Many Latin American countries are on the brink of economic prevalence as many have been pushing for financial reforms. With Brazil, Chile, Argentina and Panama all making economic strides, investors are always wondering which Latin American country has the potential to be the next major global player. CNN reports on Nicaragua’s growing tourism industry along with their roadblocks to true economic reform:
Nicaragua has always had huge potential. Known as the “Land of Lakes and Volcanoes,” it has immense natural beauty and alluring colonial towns. It’s still very underdeveloped — the second poorest country in the hemisphere — and you can expect to experience power cuts and traffic jams behind horse carts on main highways.
Per capita income is barely more than $1,200 a year, so for a country like Nicaragua, tourism is actually the second largest industry — and an engine for lifting the population out of poverty. The latest figures for this year reveal an increase in visitors of 12% from 2011.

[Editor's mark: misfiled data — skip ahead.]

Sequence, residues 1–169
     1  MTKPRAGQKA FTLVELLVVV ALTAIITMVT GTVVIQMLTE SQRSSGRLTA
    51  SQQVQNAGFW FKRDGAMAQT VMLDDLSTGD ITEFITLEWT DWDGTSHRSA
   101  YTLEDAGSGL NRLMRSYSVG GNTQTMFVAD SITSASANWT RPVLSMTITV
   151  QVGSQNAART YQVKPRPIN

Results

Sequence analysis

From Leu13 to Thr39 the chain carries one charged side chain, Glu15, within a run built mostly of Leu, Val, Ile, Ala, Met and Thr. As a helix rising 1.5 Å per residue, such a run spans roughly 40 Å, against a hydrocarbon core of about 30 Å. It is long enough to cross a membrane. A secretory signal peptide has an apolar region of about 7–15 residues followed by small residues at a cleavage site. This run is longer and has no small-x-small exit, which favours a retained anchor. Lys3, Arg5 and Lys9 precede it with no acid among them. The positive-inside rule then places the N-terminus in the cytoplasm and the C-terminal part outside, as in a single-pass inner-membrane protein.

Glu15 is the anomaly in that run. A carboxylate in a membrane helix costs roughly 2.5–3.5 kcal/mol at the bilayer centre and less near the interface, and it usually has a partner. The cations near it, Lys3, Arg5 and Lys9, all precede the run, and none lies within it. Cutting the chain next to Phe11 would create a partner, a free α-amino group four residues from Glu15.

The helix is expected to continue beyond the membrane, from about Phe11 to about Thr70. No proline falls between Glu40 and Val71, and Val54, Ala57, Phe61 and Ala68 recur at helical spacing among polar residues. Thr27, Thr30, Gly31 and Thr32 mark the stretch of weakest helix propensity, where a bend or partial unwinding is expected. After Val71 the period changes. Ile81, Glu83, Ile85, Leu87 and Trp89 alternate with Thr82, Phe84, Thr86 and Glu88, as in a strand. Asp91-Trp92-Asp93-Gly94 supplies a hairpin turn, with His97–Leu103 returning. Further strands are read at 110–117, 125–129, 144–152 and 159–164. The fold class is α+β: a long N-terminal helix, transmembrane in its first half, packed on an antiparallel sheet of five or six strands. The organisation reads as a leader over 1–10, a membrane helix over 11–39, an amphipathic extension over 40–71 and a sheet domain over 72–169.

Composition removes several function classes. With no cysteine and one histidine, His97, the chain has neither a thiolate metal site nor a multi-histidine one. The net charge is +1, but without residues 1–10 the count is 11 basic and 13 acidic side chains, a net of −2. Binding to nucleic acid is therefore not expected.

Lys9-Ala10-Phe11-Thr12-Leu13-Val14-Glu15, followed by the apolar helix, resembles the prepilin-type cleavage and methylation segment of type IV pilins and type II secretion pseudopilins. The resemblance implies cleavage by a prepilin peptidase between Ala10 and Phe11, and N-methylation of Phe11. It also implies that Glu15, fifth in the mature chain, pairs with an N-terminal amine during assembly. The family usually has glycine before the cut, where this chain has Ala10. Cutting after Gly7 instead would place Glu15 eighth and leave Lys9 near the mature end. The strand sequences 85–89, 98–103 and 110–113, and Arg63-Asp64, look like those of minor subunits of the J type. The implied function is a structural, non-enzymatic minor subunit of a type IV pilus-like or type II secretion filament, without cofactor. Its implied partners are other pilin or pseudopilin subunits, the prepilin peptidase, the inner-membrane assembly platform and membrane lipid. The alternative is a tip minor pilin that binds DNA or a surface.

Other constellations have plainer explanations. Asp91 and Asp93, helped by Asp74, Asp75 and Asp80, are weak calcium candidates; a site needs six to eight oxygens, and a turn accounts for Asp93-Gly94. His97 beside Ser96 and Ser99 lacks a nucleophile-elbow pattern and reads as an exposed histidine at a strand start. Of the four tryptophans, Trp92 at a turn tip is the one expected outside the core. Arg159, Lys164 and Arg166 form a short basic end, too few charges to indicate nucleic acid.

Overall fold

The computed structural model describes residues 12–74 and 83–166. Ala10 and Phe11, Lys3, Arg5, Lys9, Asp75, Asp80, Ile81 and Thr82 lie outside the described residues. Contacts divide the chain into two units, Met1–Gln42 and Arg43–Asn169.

“The tourism industry of Nicaragua has been growing at an important rate in the last few years,” says Mario Salinas, the country’s Tourism Minister. “And it’s becoming one of the two or three top generators of foreign currency and employment for our country.”
But be careful. According to the U.S. State Department, property laws in Nicaragua are somewhat murky: “Establishing verifiable title history is often entangled in legalities relating to the expropriation of 28,000 properties by the revolutionary government in the 1980s.”
The State Department says this remains a key impediment to attracting greater foreign investment in the tourism industry, a claim Salinas obviously rejects.
“There are many international agreements that Nicaragua has signed with other countries to protect the safety of foreign investment,” he says. “We haven’t seen complications from 2007 until now and what could have happened is that the government may have verified a few properties to be completely sure of the origin of those properties.”
The Sandinista leader Daniel Ortega, once dismissed as a dinosaur, swept back into power in 2007 and has since been re-elected in an election condemned by international observers for its irregularities. Many may balk at the return of such a notorious figure, but the government says he is making tourism a priority and understands the conditions needed to attract visitors.